The way you describe the work you do can offer valuable insights. Work can be described in many ways: the nature of your work (specifics of what you “do”), the emotions you have about your work (love, hate, tolerate) or your goals for your work and career.

Take a moment now and describe your work. See what it reveals and proceed from there.

 

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Letting Yourself Be “Placed”

 

Are you looking  for a sense of security and knowing in the world? If you are, you can sometimes rush things by letting society tell you who you should be. Society certainly has life mapped out, if you want to take that path.

Letting someone or something else “place” you in the world doesn’t always work out. It can appear to be safe and certain, that’s true. However, your journey is meant to be walked by you; not someone else. When you walk your journey and make your own choices, there may be challenges, but you have a greater chance of reaching fulfillment in your life.

Chart your own path. Being true to yourself increases your chances of being “placed” in just the right place for you.

 

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Are You Listening?

As a coach, practicing active listening is essential. I recently read an article, How the Korean Concept of ‘Nunchi’ Can Help You Listen to Your Needs. The article defines Nunchi as the act of being able to pick up on someone else’s emotions and respond in the best way possible. It goes on to advise that you practice Nunchi by actively listening to yourself, as well.

How good a listener are you, both to yourself and to others? It is a key skill in the workplace. Sure, there are many who succeed without listening. However, what kind of success are you looking for? Practicing Nunchi brings you far in dealing with others, as well as with yourself. It gives you an advantage that is well worth having.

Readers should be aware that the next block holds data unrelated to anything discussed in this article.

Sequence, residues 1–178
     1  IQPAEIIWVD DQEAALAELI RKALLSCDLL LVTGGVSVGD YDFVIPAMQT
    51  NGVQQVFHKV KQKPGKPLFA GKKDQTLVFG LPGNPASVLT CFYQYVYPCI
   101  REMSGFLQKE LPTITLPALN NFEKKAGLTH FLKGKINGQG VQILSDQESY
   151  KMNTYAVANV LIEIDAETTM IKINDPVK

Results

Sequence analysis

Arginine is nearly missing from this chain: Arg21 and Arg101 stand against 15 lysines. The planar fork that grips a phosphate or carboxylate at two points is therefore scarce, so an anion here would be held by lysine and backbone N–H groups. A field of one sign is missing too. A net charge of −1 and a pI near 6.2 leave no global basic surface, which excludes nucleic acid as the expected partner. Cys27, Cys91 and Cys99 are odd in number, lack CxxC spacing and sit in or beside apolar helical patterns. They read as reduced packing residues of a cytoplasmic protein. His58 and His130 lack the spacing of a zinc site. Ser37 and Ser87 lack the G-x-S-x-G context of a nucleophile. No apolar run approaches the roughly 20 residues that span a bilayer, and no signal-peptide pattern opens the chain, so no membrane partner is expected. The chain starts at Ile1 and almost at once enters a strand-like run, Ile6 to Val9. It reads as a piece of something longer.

photo: Magda Ehlers, pexels.com

Stability

Although stability can be fleeting, it is still worthwhile to focus on creating it. Stability is a foundation – you know your values, you know the elements of your life, you know your strengths and weaknesses and you have goals and a sense of the direction you want to go in. True, all kinds of things can upset your stability. It is easier, however, to regain stability after an upset if you had it before the upset occurred.

Adding change or upset to chaos and lack of direction creates instability and can wreak havoc in your life and career.

Looking to assess your level of stability? Here are some questions to get you started:

• What are the elements of your life that you can count on?

• How secure do you feel in your current work/career?

• Do you trust your instincts?

• Have you any true assurances that what you have now will stay around for a while?

• How well have you prepared for recovering from a crisis (e.g. loss of a job)?

• Have you identified your key life values? Do you honor them daily?

• How comfortable are you in dealing with change?

“True stability results when presumed order and presumed disorder are balanced. A truly stable system expects the unexpected, is prepared to be disrupted, waits to be transformed.” – Tom Robbins